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Reading Goes to the Dogs

The following article was written by Lauren Gordon, PETA’s celebrity marketing coordinator and a certified holistic health counselor.

Children looking to brush up on their reading skills are turning to the dogs. Recent research has shown that dogs can help children improve reading aloud by serving as nonjudgmental listeners. Practice is a crucial step toward getting better at reading aloud, and dogs are comforting companions who can take the pressure off young readers. A dog makes a great audience for a beginning reader since the canine won’t react negatively if the child makes a mistake or stumbles.

The children who participated in the reading-to-dogs programs also showed a more positive attitude toward reading when compared with children who hadn’t practiced with dogs. As the school year gets under way, this is a great way to help kids who may be a little rusty from summer vacation brush up on their reading skills.

Do you know anyone who has benefited from having a furry reading buddy? Let us know in the comments below!

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  • Lori Smith says:

    My dog, Isabelle and I are volunteers in Marin Humane Society’s SHARE (Special Human Animal Relationships). As a part of this program, Isabelle and I go to various schools and libraries in the community and read with children. Isabelle is an active listener and delights children with her good listening skills! Additionally, the children that she and I sit with feel comfortable in Isabelle’s non-judgmental presence. I think programs such as Marin Humane Society’s help children to enjoy reading and show less fair of making mistakes. Thanks to Darlene Blackman, the leader of this wonderful program, we can make a difference in the lives of children, and make reading such a pleasurable activity!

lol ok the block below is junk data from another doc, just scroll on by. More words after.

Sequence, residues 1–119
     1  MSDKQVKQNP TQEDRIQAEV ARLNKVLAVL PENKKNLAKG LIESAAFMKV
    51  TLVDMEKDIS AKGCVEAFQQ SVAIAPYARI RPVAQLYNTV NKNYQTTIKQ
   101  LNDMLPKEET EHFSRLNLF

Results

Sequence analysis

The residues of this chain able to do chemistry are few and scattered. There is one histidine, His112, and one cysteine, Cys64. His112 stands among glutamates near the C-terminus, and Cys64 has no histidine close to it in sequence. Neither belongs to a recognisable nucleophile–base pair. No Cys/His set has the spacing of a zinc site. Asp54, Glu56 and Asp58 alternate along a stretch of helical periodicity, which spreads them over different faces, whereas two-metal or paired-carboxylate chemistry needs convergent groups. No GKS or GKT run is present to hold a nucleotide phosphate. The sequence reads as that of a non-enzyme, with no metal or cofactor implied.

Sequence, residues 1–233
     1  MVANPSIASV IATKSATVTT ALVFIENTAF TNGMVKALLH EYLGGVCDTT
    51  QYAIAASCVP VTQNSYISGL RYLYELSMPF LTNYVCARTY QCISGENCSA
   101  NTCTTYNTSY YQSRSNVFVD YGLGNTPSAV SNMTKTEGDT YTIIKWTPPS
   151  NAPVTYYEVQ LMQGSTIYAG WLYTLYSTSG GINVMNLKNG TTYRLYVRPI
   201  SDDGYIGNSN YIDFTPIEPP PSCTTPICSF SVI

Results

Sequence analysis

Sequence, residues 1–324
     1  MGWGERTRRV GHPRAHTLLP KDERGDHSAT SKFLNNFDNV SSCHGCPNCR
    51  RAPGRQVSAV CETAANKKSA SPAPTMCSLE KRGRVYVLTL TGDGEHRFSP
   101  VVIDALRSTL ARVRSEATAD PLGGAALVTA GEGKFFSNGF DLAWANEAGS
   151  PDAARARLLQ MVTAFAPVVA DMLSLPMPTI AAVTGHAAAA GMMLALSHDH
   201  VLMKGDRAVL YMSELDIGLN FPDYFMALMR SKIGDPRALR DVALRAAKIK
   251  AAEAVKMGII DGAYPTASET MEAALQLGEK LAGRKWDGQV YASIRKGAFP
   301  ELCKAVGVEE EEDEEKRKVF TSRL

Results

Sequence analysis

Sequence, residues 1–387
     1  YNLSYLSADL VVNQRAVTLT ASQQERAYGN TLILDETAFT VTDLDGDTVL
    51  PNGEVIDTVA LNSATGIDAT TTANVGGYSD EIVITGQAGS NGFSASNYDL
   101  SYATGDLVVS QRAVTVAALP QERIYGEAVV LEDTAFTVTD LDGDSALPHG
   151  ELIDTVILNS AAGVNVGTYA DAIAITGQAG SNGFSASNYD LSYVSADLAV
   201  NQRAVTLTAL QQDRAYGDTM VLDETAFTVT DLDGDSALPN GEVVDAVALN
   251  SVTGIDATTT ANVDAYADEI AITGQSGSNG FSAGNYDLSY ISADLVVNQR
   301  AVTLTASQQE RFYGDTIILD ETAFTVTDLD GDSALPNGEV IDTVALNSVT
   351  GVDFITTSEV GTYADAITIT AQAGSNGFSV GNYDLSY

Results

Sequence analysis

• Carol says:

    Dogs are wonderful animals as long as they are brought with love all around them and they will do anything to make their masters and the family around them happy and they love the effection they receive from all the family members so to me they are like humans they love being loved no matter what.

  • Deb Merskin says:

    Reading to dogs has become very popular. In fact, I believe the Eugene Public Library, in Eugene, Oregon, has something like this.

  • Rio N says:

    I think this is a great article. I’m working on a doc called Dislecksia: The Movie and it’s amazing to see how many things can help with learning differences or just reading in general. I think using a ‘silent’ friend like a dog is a genius idea to help kids read. And I mean.. what kid doesn’t freak at getting to play with dogs? Lol